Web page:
W. H. Denny

W. H. Denny (22 October 1853 – 31 August 1915) was an English singer and actor best remembered for his portrayal of baritone roles in the Savoy operas.

Life and career

Early years

Denny was born William Henry Leigh Dugmore at Balsall Heath, Birmingham, England. His mother, Mrs. Henry Leigh, was the original Diana in Gilbert and Sullivan's first collaboration, Thespis (1871).[1][2]

Denny appeared as the child in The Stranger in Worcester at the age of six.[3] He played juvenile parts for several years, tackling his first adult role at the Theatre Royal, Dundee in 1870.[1]

Denny's first role in London was at Sadler's Wells Theatre in an 1872 revival of Mazeppa, a dramatisation of Byron's poem based on a legend about Ivan Mazeppa. He played the role of Simple in 1874 in The Merry Wives of Windsor at the Gaiety Theatre, London.[4] After a series of roles in Shakespeare plays and in works by H. J. Byron, he was engaged by Richard D'Oyly Carte in 1876 for a tour as Trenitz in La fille de Madame Angot, Barthel in The Duke's Daughter, and Tarapote in La Périchole. Denny then toured America for three years with Lydia Thompson, also appearing in Philadelphia under the management of Mrs. John Drew.[5]

Returning to London in 1879, Denny appeared as Charles Freeman in Marie Litton's production of The Beaux' Stratagem,[1] and in her subsequent productions, in a company including John Hare and the Kendals.[6] He appeared in comic opera in an English version of Donizetti's La fille du régiment.[6] At the Imperial Theatre, London, he played the role of Sir Charles in She Stoops to Conquer and Corporal Foss in The Poor Gentleman, both in 1879.[4] The same year, he created the role of Filippo in Alfred Tennyson's Falcon, winning better notices than the play.[7] Next, he created the role of Slater in William and Susan in 1880.[4] He played Angus Macalister in an 1881 revival of W. S. Gilbert's Engaged,[8] before going on tour with Lillie Langtry in 1882, playing roles including Tony Lumpkin in She Stoops to Conquer.[9]

Denny was back in New York in 188485, and returned to the London stage in 188687.[5] He created the role of Hamish in Hamilton's Harvest (1886)[4] and the next year he made what The Theatre magazine called "an extraordinary hit" as Noah Topping in Pinero's Dandy Dick.[1] While he was in the run of the latter, Arthur Sullivan saw him, and invited him to audition for the Savoy Theatre .[3]

Savoy Theatre years

Denny joined the D'Oyly Carte Opera Company at the Savoy to replace Rutland Barrington in 1888 and remained there until 1893. He created the roles of Wilfred Shadbolt in The Yeomen of the Guard (1888), the Grand Inquisitor, Don Alhambra del Bolero, in The Gondoliers (1889) and Bumbo in The Nautch Girl (1891). He next played Bedford Rowe in the revival of The Vicar of Bray (1892), and he created the character of The McCrankie in Haddon Hall (1892), leaving the company when the run was completed. In 1893, he appeared in a musical comedy called Poor Jonathan before returning to D'Oyly Carte to create the part of Scaphio in Utopia, Limited (1893). He again left the company at the end of the run of that show.[5]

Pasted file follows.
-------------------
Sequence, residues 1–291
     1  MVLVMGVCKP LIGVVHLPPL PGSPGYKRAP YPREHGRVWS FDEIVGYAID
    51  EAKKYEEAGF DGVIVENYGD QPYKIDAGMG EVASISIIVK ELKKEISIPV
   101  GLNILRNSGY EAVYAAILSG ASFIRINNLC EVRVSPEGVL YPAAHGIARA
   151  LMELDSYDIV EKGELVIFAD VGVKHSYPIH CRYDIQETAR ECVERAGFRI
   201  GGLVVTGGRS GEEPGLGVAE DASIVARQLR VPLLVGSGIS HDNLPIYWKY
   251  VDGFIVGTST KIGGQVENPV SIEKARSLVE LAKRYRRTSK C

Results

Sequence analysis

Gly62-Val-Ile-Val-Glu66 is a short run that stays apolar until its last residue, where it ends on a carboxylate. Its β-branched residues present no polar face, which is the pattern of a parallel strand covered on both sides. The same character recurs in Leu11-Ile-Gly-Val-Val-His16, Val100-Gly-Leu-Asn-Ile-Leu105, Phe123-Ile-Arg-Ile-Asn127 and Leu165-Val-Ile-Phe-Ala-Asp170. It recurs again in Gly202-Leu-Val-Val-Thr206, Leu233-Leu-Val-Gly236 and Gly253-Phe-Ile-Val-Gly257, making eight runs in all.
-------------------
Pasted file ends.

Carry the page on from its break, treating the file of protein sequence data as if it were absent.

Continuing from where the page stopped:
Later years

After leaving the Savoy, Denny appeared again in musicals in London from 1895 to 1897. He created the roles of Pilkington Jones in Gentleman Joe (1895) and Robert White in Dandy Dan (1897).[4] He later toured Australia and New Zealand in a Shakespeare company, playing Bottom and Touchstone.[3] He was back on the New York stage beginning in 1905, appearing on Broadway in Julius Caesar (1902), The Proud Laird (a comedy, 1905), The Earl and the Girl (a musical, 1906), The Hypocrites (a drama, 1906), The Beauty Spot (a musical, 1909), The Gay Hussars (an operetta, 1909), Madame X (a melodrama, 1910), and The Blue Bird (a play, 1911). He once more returned to London, making his last appearance there as Stuff, a theatre manager, in Walter Browne's Everywoman in 1912.[5]

Denny also wrote several one-act plays, the best-known of which was A Mutual Mistake (1891).[1] In addition, he wrote song lyrics, such as "How sweet thou art to me" ("Sleep, gentle sleep"), with music by Arthur Weld (1909). Denny was one of the founders of the Actors' Orphanage, and he maintained an active interest in it.[10] He married Georgina Pike. Their son, Reginald Denny, became a popular film actor.[11]

Denny died in Herne Bay, Kent in 1915 at the age of 61.[5]


  1. "Our Portraits", The Theatre, 1 March 1892, p. 144
  2. Rees, p. 102
  3. "The Man Who Plays the Ass", The Advertiser, 6 July 1903, p. 6
  4. Adams, p. 392
  5. Stone, David. "W. H. Denny", Who Was Who in the D'Oyly Carte Opera Company (2003)
  6. The Times, 11 June 1897, p. 8
  7. "At the Play", The Observer, 21 December 1879, p. 7
  8. "At the Play", The Observer, 4 December 1881, p. 6
  9. "Prince's Theatre", The Manchester Guardian, 29 June 1882, p. 8
  10. The Times, 1 May 1897, p. 10 and 27 May 1902, p. 14
  11. The Times 19 June 1967, p. 10


  • Adams, William Davenport (1904). A Dictionary of the Drama. London: Chatto & Windus
  • Ayre, Leslie (1972). The Gilbert & Sullivan Companion. London: W.H. Allen & Co Ltd. ISBN 0-396-06634-8.
  • Rees, Terence (1964). Thespis – A Gilbert & Sullivan Enigma. London: Dillon's University Bookshop.
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